|You can imagine just how riveting this scene was.|
9. Don't Look Up
I have been a big fan of Adam McKay's previous two films, The Big Short and Vice, picking both of them as my top Best Picture nomination in their respective release years. Sadly, Don't Look Up does not reach those heights.
It's told with a specific point of view, just like McKay's other two nominated films. It has his usual acerbic wit. But while both The Big Short and Vice were artfully told and deftly navigated complex topics in ways that allow the audience to firmly grasp Why This is a Big Deal, Don't Look Up really dumbs things down, spinning a clumsy allegory for the way politics and greed have interfered with humanity's (and by humanity, the film apparently means the United States) ability to tackle global disasters such as climate change and the SARS-COV-2 pandemic.
|Though there's no doubt some MAGA fans still won't get it.|
|The one true protagonist of the film.|
8. King Richard
The best biopics tell the unblinking story of their subjects, embracing the complexity and nuance of the humans behind the headlines. This is perhaps why the best biopics are either based on well researched biographies or on autobiographies written near the end of the subject's life, when they're more willing to examine their darker moments and impulses. King Richard is not one of those, and instead is a bit of a defense and a love letter from two daughters to their father. For that reason, a very good biographical film falls short of being great despite sterling performances from across its strong cast.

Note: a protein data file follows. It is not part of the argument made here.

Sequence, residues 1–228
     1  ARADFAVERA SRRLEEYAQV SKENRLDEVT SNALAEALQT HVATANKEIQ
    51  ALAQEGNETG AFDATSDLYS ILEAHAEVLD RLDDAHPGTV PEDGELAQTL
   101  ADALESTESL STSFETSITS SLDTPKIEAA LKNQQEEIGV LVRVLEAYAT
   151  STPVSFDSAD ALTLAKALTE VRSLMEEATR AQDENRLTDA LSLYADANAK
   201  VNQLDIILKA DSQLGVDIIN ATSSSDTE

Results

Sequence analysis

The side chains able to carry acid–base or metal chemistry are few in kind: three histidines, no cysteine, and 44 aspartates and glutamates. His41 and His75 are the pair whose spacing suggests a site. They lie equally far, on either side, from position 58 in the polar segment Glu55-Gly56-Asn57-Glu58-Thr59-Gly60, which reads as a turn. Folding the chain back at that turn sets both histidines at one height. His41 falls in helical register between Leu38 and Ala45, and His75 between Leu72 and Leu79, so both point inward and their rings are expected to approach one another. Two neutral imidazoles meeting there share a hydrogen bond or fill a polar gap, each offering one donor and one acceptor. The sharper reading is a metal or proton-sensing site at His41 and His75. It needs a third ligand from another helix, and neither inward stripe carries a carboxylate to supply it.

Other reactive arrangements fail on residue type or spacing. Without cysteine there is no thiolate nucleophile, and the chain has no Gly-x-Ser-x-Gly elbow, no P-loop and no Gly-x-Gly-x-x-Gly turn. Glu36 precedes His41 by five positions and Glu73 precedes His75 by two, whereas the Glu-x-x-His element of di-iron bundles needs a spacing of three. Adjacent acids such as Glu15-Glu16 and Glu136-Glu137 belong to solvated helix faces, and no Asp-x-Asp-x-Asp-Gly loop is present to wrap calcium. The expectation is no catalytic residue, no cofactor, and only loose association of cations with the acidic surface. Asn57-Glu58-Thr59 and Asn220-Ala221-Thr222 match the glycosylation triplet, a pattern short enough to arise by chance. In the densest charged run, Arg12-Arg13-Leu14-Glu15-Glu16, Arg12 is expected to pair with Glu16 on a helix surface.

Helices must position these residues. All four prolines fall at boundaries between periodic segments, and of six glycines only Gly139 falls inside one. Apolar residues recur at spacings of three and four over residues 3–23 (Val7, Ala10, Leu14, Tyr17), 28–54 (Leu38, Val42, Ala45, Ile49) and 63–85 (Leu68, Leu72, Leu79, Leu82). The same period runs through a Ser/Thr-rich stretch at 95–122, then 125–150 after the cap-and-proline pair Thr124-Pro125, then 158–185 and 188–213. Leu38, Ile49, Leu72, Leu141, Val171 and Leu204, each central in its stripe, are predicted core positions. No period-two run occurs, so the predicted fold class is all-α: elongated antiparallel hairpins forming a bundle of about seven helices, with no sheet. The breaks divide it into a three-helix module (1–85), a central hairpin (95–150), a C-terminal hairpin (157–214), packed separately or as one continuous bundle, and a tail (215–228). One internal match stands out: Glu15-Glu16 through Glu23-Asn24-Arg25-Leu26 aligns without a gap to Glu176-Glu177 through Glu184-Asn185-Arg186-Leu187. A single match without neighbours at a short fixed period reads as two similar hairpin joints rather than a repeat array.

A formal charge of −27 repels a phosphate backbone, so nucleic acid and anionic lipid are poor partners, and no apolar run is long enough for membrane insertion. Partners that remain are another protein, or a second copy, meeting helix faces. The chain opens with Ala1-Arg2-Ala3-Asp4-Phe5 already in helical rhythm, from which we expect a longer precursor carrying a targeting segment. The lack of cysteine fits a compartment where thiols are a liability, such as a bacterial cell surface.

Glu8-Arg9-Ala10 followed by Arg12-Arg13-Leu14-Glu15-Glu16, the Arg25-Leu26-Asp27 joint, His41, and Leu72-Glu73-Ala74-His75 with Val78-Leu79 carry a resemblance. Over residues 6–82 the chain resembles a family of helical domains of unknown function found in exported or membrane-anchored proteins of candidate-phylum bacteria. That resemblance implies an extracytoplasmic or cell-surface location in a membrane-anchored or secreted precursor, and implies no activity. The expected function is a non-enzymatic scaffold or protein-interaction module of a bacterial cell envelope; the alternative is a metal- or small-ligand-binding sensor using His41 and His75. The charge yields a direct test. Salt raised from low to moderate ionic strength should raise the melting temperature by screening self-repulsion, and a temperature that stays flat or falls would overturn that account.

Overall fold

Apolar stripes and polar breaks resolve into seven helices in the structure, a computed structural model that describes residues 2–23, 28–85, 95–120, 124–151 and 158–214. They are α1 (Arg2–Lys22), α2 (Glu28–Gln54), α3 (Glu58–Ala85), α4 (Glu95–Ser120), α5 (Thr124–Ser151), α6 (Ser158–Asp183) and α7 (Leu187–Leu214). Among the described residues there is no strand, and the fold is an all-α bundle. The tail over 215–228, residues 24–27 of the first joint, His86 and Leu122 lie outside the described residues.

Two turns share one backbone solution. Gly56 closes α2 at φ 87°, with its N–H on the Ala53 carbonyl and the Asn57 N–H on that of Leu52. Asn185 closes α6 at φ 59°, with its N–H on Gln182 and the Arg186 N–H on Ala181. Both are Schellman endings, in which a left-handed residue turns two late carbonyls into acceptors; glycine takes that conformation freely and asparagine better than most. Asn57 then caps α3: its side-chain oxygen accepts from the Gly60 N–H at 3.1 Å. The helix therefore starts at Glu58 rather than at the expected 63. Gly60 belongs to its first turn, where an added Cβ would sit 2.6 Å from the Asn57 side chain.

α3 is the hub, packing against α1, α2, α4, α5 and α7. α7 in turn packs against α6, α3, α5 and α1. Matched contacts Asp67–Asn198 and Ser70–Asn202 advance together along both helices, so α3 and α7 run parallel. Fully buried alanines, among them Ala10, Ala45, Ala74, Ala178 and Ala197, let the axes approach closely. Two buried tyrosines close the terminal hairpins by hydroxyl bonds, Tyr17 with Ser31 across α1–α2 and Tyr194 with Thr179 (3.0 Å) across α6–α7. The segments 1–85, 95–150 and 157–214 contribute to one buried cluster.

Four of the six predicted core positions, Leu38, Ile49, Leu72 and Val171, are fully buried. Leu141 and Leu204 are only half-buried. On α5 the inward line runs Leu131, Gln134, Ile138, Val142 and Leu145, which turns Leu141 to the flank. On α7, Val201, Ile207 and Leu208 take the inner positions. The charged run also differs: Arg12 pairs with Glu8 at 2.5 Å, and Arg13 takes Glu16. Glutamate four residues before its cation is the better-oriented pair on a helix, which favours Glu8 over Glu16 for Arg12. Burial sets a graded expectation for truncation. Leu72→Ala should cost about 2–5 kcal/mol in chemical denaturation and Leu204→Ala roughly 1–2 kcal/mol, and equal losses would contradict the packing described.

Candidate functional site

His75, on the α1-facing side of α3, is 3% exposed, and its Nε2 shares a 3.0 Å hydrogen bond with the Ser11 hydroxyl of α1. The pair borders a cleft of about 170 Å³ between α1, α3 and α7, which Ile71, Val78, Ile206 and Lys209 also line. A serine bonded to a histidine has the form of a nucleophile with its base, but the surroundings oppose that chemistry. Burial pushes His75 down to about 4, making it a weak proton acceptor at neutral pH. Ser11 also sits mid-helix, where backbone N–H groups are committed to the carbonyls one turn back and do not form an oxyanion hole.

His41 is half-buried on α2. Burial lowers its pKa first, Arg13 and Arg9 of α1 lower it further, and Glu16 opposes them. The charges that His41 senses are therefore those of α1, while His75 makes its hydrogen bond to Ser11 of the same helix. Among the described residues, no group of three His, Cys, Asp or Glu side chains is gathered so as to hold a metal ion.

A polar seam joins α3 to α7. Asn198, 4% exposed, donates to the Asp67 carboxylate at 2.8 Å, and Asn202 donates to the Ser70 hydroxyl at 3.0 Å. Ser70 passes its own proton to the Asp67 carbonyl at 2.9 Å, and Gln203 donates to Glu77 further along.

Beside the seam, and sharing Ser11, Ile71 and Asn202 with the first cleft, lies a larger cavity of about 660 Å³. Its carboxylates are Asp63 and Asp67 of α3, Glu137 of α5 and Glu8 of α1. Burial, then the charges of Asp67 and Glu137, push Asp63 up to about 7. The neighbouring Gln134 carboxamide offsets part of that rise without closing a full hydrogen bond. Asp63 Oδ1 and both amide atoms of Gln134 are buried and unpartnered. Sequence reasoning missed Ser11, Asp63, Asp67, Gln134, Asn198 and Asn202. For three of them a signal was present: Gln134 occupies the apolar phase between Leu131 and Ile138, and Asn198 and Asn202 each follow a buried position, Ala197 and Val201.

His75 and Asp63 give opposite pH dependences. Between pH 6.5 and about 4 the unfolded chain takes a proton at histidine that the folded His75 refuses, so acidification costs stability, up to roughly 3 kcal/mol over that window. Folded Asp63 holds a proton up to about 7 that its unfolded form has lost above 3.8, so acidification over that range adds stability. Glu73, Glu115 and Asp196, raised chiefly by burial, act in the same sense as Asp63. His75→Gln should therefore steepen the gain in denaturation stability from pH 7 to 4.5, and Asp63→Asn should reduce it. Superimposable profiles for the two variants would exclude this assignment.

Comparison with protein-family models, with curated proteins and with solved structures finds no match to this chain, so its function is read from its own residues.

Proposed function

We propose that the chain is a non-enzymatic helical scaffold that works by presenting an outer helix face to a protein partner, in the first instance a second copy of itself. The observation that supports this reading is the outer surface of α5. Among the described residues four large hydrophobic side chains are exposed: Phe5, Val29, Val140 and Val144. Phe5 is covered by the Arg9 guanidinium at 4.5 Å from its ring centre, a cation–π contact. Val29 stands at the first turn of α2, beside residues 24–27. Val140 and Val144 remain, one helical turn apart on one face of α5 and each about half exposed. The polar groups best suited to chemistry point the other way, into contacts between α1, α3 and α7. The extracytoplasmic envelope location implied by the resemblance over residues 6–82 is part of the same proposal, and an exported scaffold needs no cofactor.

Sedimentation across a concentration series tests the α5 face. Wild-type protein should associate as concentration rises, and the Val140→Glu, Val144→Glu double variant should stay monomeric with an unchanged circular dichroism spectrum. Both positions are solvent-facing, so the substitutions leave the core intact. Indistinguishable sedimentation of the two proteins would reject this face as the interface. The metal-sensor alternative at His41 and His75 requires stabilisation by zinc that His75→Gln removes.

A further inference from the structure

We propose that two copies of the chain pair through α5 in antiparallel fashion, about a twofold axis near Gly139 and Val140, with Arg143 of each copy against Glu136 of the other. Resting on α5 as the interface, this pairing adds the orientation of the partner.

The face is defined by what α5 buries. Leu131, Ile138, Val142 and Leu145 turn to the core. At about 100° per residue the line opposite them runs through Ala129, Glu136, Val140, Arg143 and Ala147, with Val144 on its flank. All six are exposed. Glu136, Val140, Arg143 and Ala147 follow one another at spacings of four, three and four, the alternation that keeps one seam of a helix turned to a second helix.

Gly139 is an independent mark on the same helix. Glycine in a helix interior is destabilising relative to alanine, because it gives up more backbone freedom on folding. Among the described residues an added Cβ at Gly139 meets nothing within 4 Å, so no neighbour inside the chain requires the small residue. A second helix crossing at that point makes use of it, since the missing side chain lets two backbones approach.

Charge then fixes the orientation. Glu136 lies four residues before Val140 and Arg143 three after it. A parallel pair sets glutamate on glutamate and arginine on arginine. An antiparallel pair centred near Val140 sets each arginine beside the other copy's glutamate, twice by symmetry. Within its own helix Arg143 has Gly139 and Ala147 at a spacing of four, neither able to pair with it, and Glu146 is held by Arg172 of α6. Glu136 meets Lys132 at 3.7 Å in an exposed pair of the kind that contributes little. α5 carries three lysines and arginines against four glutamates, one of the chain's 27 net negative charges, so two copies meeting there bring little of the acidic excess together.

|Richard Williams is a perfect Will Smith role.|
Part of the problem is that it's a contemporary biography. The accomplishments of the Williams sisters is fresh in everyone's minds. Serena Williams is still arguably the greatest active tennis player. The movie's not going to thrill us with a will-they or won't-they succeed narrative. Instead, the strength of the film needs to rest on the character arc of Richard Williams, and he really doesn't have one. What lessons he learns along the way are minor, with the end of the film really reading more like a victory lap than an arc completion.
|The entire cast is very strong, even in their relatively quiet moments.|
It's good to see Kenneth Branagh back in the Oscars mix this year after a decade away. Belfast is a nice pseudo-memoir featuring a child growing up in Belfast during The Troubles. Branagh's analog, Buddy, is pretty much a happy kid who likes to play pretend and fight imaginary battles and who has no idea what he's doing when he develops a crush on a classmate. This innocence is contrasted vividly against the horrors and ugliness of the clashes between Protestants, Catholics, and the government forces struggling to maintain the peace.
|The Troubles lived up to its name for this family.|
|The use of color was at times subtle, but there was never a payoff.|
It seems every year there's that one film that doesn't tell a necessarily important story in terms of addressing a key moment in history, adapting a piece of classic literature, or spinning an allegory for a critical aspect of civilization. Instead, it earns its Best Picture nomination by telling a more personal story with near perfection. This year's film in that category is CODA, short for Child of Deaf Adults.
|The film helps its accessibility by exploring the travails of the working class along the way.|
|Little moments like teaching your crush some simple ASL makes this film so enjoyable.|
5. Licorice Pizza